Effect of taurine on cell proliferation and apoptosis human lung cancer A549 cells
Affiliations: Department of Biochemistry and Molecular Biology, Basic Medical College of Nan Chang University, Nanchang, Jiangxi 330006, P.R. China, Department of Laboratory Animal Science, Nan Chang University, Nanchang, Jiangxi 330006, P.R. China, Department of Medical Experimental Teaching Center, Nan Chang University, Nanchang, Jiangxi 330006, P.R. China
- Published online on: February 13, 2018 https://doi.org/10.3892/ol.2018.8036
- Pages: 5473-5480
Copyright: © Tu et al. This is an open access article distributed under the terms of Creative Commons Attribution License.
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Lung cancer is one of the most common malignant tumors, currently exhibiting the highest mortality rate worldwide (1). In China, lung cancer has the second highest morbidity rate among the malignant tumors, with the highest morbidity in certain cities (2–4). Overexpression of the anti-apoptosis gene BCL2, apoptosis regulator (BCL2), and insufficient expression of the pro-apoptosis gene BCL2 associated X, apoptosis regulator (BAX), may inhibit cell apoptosis, prolong cell survival and promote cell proliferation; it is thought to be the most common mechanism for the tumorigenesis of lung cancer (5,6). Therefore, examination of the expression of BCL2 and BAX in pre-cancerous lesions could facilitate the early diagnosis of lung cancer.
The amino acid 2-aminoethanesulfonic acid, commonly known as taurine, has a simple chemical structure that contains a thiol group. Taurine accounts for <0.1% of total human body weight, and exists in all organs in its free form. Taurine was reported to be an essential nutrient for cats in 1975 (7). Subsequent studies have revealed that the endogenous synthesis of taurine in humans is limited and that humans may suffer from taurine deficiency under certain conditions where there is insufficient intake; hence, taurine is considered to be an essential nutrient for humans (8,9). Recent studies have proposed that changes in systemic taurine levels can be used to predict the formation and malignant transformation of certain tumors (10,11). For example, the serum level of taurine was found to be significantly lower in patients with breast cancer than in patients in the high-risk breast cancer group or the healthy control group (7). Thus, taurine is considered a novel biomarker for early diagnosis of breast cancer (10). High levels of taurine were also detected in the urine of patients with non-muscle invasive bladder cancer, indicating that taurine could also serve as a novel indicator for the diagnosis of bladder cancer (11). Taurine has been shown to exert an inhibitory effect on dimethylbenzanthracine-induced breast cancer in rats; it was also demonstrated that taurine could induce apoptosis and suppress proliferation in colorectal and breast cancer cells (12,13). Okamoto et al (14) reported that taurine exerted a protective effect against chemical-induced tumorigenesis of liver cancer in male F344 rats, using diethylnitrosamine as the carcinogen and phenobarbital as the tumor promotor. When S180 xenograft tumors in nude mice were treated with taurine, apoptosis was markedly increased: The expression of the anti-apoptotic protein Bcl-2 was reduced, whereas the expression of the pro-apoptotic protein Bax was upregulated (15). Taurine can also downregulate the expression of matrix metalloproteinase-2 and upregulate the expression of N-acetyl galactosaminyl transferase 2, suppressing the potential invasion and metastasis of glioma cells (16).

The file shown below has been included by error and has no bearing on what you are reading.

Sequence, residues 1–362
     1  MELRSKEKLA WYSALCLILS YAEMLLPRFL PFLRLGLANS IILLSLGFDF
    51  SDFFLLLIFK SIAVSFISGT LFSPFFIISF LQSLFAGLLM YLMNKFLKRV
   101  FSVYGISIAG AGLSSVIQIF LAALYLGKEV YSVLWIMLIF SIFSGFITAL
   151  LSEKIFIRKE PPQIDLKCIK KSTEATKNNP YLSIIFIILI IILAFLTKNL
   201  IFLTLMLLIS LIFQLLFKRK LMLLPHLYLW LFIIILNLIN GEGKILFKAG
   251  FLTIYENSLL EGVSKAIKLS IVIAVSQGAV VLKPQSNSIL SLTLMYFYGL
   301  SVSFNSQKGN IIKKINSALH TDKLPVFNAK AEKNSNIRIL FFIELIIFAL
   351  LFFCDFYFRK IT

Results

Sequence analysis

To the best of our knowledge, the effect of taurine on lung cancer cells has not yet been reported. In this study, the human non-small cell lung cancer A549 cell line was used to investigate the pro-apoptotic and anti-proliferation effects of taurine on lung cancer cells. The underlying molecular mechanism was also elucidated to provide evidence of the potential clinical application of taurine in tumor therapy.
Materials and methods
Reagents and antibodies